Child in the City Conference Stuttgart, Germany
The third edition of the Child in the City conference was held in the Stuttgart’s City Hall, delegates from over 20 nationalities we present. Around 180 participants joined the 18 various workshops. Also the five round table discussions were visited with great interest as well as the excursions to some city farms and the Stuttgart West playgrounds. The Stuttgart Manifest was drawn up during the Child in the City conference. With this manifest all national networks and people that intend to start such a network, commit themselves to stimulating the cities in their countries to develop an actual child friendly policy.
This policy aimed to implement the UN Convention of the Rights of the Child and focused in particular on young people’s participation in all matters concerning their physical and social environment in cities. The Lord Mayor of Stuttgart, dr. Wolfgang Schuster, was the first person to sign the manifest on behalf of his city.
The Child in the City conference 2006 focused on children’s mobility. Both researchers and practitioners met each other and exchanged knowledge and experiences. Impressive were the many ways by which people offer children the possibility to think about and to contribute to their own mobility: children’s participation was a hot item. Also the presentations were challenging the national networks of child friendly cities. The way Switzerland is building its network differs strongly from the initiatives of Sweden and they are again different from the Netherlands and Belgium but they all developed their own strategy to stimulate other cities, exchange good practices and to learn.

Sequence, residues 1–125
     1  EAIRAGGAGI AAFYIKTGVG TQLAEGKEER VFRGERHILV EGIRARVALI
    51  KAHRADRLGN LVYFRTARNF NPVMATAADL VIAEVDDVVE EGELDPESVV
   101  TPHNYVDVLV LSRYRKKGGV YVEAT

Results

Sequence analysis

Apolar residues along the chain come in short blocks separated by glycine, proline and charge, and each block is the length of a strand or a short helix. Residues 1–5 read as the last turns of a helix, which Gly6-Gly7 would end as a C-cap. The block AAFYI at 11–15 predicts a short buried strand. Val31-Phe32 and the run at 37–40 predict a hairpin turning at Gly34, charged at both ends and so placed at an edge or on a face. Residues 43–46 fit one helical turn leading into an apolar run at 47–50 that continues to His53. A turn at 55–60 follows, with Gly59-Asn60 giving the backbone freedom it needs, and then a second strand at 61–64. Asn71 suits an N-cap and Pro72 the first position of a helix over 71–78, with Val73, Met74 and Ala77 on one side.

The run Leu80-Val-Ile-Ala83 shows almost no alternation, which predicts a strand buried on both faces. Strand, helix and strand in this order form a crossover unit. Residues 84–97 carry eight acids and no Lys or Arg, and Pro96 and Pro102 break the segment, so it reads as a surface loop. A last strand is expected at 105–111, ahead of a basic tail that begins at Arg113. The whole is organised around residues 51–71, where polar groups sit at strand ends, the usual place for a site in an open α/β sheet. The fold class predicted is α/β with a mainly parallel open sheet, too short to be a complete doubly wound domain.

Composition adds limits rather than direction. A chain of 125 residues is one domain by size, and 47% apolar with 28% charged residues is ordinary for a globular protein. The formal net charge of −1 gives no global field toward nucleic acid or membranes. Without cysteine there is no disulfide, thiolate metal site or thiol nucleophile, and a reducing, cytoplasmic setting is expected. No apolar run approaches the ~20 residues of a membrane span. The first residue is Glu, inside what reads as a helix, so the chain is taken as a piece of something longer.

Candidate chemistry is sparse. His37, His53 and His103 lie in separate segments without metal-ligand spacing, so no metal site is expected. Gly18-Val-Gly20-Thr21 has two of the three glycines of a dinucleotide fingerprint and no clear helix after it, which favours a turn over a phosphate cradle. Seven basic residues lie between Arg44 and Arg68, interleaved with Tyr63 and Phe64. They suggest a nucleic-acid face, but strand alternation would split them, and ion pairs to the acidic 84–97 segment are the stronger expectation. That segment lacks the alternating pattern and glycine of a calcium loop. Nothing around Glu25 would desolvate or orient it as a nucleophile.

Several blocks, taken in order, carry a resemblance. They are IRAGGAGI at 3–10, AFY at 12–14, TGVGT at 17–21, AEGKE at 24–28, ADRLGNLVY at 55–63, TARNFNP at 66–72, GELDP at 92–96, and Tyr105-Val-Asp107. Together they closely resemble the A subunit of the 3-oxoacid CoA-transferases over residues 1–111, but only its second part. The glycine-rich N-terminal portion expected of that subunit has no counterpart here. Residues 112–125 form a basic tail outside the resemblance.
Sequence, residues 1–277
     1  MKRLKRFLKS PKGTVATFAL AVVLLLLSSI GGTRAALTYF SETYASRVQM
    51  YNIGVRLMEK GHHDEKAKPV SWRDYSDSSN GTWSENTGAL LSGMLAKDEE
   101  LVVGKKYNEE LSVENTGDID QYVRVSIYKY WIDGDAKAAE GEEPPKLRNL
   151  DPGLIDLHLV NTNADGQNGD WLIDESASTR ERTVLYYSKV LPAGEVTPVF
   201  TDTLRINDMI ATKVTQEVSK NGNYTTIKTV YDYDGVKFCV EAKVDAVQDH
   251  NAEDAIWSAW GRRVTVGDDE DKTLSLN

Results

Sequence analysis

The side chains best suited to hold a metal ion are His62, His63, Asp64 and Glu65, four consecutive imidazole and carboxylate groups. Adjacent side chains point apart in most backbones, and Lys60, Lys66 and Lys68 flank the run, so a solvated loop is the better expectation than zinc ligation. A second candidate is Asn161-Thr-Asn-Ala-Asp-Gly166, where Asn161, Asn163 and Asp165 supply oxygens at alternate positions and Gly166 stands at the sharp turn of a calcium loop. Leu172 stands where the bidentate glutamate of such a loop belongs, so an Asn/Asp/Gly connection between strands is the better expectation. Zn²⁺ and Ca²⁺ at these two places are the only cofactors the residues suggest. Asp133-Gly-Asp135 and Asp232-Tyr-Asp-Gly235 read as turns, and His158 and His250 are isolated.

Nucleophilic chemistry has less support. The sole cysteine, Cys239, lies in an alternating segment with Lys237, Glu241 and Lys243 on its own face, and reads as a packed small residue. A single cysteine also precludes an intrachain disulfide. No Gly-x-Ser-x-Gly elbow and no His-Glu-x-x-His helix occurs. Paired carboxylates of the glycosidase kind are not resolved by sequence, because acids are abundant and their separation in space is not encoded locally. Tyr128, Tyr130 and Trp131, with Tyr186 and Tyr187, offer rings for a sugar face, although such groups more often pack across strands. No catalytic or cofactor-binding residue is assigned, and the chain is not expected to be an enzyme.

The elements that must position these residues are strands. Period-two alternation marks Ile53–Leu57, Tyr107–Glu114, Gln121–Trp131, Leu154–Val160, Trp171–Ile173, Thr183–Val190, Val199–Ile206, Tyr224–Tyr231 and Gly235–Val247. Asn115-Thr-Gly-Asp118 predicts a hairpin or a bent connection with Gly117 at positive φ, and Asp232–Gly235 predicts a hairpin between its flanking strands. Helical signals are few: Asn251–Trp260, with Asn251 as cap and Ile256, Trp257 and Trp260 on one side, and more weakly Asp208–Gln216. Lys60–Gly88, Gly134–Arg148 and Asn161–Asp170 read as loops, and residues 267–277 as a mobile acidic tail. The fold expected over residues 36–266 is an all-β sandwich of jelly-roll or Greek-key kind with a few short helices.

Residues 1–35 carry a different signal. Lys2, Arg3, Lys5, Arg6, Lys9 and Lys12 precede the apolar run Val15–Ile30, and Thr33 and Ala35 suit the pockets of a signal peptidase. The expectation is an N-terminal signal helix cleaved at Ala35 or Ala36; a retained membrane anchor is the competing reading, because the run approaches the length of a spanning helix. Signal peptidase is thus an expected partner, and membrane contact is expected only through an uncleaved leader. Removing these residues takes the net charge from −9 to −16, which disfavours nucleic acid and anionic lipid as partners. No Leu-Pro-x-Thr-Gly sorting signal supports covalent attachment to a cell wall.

One of the most exciting topics was “Children’s Autonomous Mobility”. It is clear that it is inherent in children’s process of growing up that they want to move autonomously. On the other side in this process children meet more and more obstacles. Caring parents worry about the dangerous traffic in the cities and they are often concerned about social safety. Because of this, parents hinder the children in their development. It takes a lot of discussions between children and parents before children are allowed to bike alone to school. But children are also quite clever tackling these parental concerns by asking them to bring them by car to the sport club.
Cities all over Europe search for solutions to offer children more opportunities to move safely and pleasantly in the streets. Good examples of child friendly public spaces were showed, but also illustrations of making public transport more accessible for children and young people and ideas about school pooling (transfers in a group toschool, by bike or walking) were shown.
Stuttgart City Hall